President Obama continued dialing up his rhetoric on Iran as the regime there pursued its repression of election protests, on Friday saying for the first time that Tehran's violence against the people will affect prospects for US engagement with Iran.
"There is no doubt that any direct dialogue or diplomacy with Iran is going to be affected by the events of the last several weeks," Mr. Obama said in a midday White House press appearance with German Chancellor Angela Merkel.
He added, "We don't yet know how any potential dialogue will have been affected until we see what has happened inside of Iran."
His comments came after Iranian President Mahmoud Ahmadinejad demanded an apology from Obama for what he said was interference in Iran's internal affairs. Mr. Ahmadinejad was proclaimed the victor in the June 12 election that thousands of protesters have concluded was rigged.
Obama's sideline strategy
The Iranian president's comments drawing Obama into the election fray is exactly the kind of excuse-making – blaming turmoil on the meddling of the Great Satan – that Obama had said he'd hoped to avoid. Obama has faced criticism from Republicans and some Democrats as he labored for nearly two weeks to keep a low profile on the elections in Iran.
But as bloodshed mounted in Tehran – and then as he stood in the White House East Room with Chancellor Merkel, the first Western leader to demand a full recount in Iran's presidential election – Obama acknowledged he could not stay on the sidelines. He did, however, reemphasize that the US had consciously shunned the limelight on the elections.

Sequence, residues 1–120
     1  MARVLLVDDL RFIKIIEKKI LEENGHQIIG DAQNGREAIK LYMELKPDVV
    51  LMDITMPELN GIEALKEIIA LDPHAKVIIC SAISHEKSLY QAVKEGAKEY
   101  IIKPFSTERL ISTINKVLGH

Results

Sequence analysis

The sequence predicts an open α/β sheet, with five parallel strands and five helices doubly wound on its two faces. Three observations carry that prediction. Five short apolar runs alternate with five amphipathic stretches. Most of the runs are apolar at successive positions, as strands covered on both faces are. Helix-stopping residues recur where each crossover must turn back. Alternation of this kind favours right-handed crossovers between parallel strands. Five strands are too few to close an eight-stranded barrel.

Obama said he did not "take Mr. Ahmadinejad's statements seriously about apologies, particularly given the fact that the United States has gone out of its way not to interfere with the election process in Iran."
Dialogue depends largely on Iran
How soon, or whether, a US-Iran dialogue begins will be determined more by Iran's political situation than by Obama's comments, say some experts on Iran.
"The real issue is that the dust has not settled in Iran yet. It's still unclear who is going to be governing Iran," says Trita Parsi, president of the National Iranian American Council (NIAC) in Washington. He notes, for example, that Ahmadinejad will have to obtain parliamentary approval of a new cabinet, and it's not clear at this point if he can get it.
On the other hand, Mr. Parsi adds, "You have a ticking nuclear clock, so the [US] administration is going to have to find some way to pursue diplomacy."
Merkel reiterates: No nukes
Merkel reiterated the view of the international community that Iran must not be allowed to develop a nuclear weapon – something international powers believe the Iranian regime is pursuing. Iran insists its nuclear program is solely for peaceful power generation.
Prospects for a continuing tit-for-tat between Obama and Ahmadinejad may have grown, as Obama made specific reference to Ahmadinejad's rival in the elections, former Prime Minister Mir Hossein Mousavi, as a leader who had "captured the imagination" of the Iranian people.
Obama, says NIAC's Parsi, did not cross any new lines in referring to Mr. Mousavi, who has called for continued resistance to the official declaration of Ahmadinejad's victory. "I think he was merely taking note of the reality on the streets as we've seen it," he says.
No doubt Iran observers will be watching to see if Ahmadinejad views it the same way.